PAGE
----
"Kerameikos" was named after the community of the potters who worked within the city walls and occupied the area along the banks of river "Eridanos". The "Kerameikos" archaeological site is better known nowadays as the most important cemetery of ancient Athens. The earliest tombs found here date to the Bronze Age, the Submycenaean period (1100-1000 BC), the Geometric period (1000-700BC), and Archaic period (700-480 BC), when graves were marked with funerary monuments.

The Themistoclean fortifications, erected in 478 BC, encircled the entire city,dividing it in an outer and an inner zone. Inner "Kerameikos", within the city walls, was used for urban development, while the area outside the walls was used for burials. The two most important gates of Athens stood here. The "Dipylon", through which passed the road, or "Dromos", to Plato's Academy, and the "Sacred Gate" with the road to Elusis. The "Sacred Gate" is associated with the festivities of the Eleusinian Mysteries. At "Dipylon" the procession of Panathenaian festival assembled, before ascending to the "Akropolis".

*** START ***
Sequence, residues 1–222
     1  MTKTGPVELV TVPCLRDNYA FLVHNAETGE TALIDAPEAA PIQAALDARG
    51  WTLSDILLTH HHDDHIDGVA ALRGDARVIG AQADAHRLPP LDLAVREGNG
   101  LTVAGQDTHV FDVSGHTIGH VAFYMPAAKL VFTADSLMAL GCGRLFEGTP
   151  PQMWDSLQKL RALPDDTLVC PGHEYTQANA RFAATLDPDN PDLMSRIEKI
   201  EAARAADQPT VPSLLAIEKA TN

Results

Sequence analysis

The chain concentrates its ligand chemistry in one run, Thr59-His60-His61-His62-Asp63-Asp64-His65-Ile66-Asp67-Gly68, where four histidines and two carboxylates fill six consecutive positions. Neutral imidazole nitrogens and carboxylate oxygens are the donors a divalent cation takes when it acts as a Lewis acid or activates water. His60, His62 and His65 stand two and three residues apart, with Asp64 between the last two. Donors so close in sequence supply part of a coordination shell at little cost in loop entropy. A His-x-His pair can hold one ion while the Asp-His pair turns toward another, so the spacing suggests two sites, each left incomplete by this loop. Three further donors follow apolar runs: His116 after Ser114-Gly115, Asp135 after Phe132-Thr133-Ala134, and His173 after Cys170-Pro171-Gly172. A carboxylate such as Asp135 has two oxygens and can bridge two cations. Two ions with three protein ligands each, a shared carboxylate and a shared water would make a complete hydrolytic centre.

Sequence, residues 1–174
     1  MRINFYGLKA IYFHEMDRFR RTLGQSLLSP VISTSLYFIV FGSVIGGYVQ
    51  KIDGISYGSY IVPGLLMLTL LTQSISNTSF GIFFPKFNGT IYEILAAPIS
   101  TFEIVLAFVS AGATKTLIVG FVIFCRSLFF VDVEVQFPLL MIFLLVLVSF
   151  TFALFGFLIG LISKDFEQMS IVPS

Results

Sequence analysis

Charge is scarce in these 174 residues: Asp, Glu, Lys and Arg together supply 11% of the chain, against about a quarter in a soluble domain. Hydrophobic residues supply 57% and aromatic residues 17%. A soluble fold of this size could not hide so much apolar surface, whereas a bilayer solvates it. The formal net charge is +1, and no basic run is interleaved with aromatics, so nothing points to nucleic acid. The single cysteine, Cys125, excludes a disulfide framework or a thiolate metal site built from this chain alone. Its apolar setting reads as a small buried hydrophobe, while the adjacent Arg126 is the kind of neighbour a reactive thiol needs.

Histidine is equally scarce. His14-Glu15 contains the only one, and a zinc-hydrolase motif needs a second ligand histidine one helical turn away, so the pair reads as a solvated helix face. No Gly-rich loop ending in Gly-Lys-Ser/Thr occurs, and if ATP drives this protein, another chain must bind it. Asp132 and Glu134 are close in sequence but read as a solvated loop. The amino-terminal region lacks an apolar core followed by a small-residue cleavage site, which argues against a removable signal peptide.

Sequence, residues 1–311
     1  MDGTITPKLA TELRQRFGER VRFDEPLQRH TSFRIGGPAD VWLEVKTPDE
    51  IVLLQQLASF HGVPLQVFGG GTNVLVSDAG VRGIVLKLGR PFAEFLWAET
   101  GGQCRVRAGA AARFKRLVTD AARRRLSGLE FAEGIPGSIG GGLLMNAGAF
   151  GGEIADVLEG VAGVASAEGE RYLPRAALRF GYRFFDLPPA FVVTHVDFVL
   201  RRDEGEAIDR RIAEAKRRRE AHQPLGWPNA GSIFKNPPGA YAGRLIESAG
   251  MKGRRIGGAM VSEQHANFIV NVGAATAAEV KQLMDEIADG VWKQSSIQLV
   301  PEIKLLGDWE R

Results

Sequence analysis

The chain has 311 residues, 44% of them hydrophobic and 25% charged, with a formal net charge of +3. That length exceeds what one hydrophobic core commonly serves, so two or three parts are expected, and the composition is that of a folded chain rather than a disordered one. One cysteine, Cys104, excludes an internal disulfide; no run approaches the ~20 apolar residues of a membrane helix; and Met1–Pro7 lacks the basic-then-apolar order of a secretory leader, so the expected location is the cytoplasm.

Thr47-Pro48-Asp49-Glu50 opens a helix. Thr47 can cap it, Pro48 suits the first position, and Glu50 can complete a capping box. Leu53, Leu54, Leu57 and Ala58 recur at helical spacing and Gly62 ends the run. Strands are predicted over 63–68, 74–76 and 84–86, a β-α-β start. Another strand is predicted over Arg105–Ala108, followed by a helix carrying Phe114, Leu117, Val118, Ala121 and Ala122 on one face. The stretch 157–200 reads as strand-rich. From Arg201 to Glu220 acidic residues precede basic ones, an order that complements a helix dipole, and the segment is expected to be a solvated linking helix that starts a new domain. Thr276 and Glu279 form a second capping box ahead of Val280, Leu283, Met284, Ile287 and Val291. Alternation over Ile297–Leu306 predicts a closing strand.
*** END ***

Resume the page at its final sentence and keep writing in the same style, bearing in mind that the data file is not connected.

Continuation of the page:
During the Classical period (5- 4th century BC), the "Street of Tombs" and "Dromos" were surrounded by funerary monuments. Outside "Dipylon", by the road to Plato's Academy, was established the "Demosion Sema", the public cemetery for the prominent Athenians and for those who fell in the war. From the Hellenistic period to Early Christian times (338 BC to 6th century AD), "Kerameikos" cemetery continued to function in the same place.

The archaeological site, an area of 40 000m2 in extent, was covered by an alluvial fill of 8-9m deep, which reached the level of today's "Ermou Street". Excavations began in 1863 and have continued ever since.
Today the visitor walks on the same level as that of Athenians and Classical times.

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Museum Museum Sacred Way Eridanos River Sacred Gate Pompeion Dipylon Street of Tombs Dromos Sacred Way Pompeion Street of Tombs Sacred Gate Eridanos River Dromos Dipylon Ermou Street Ermou Street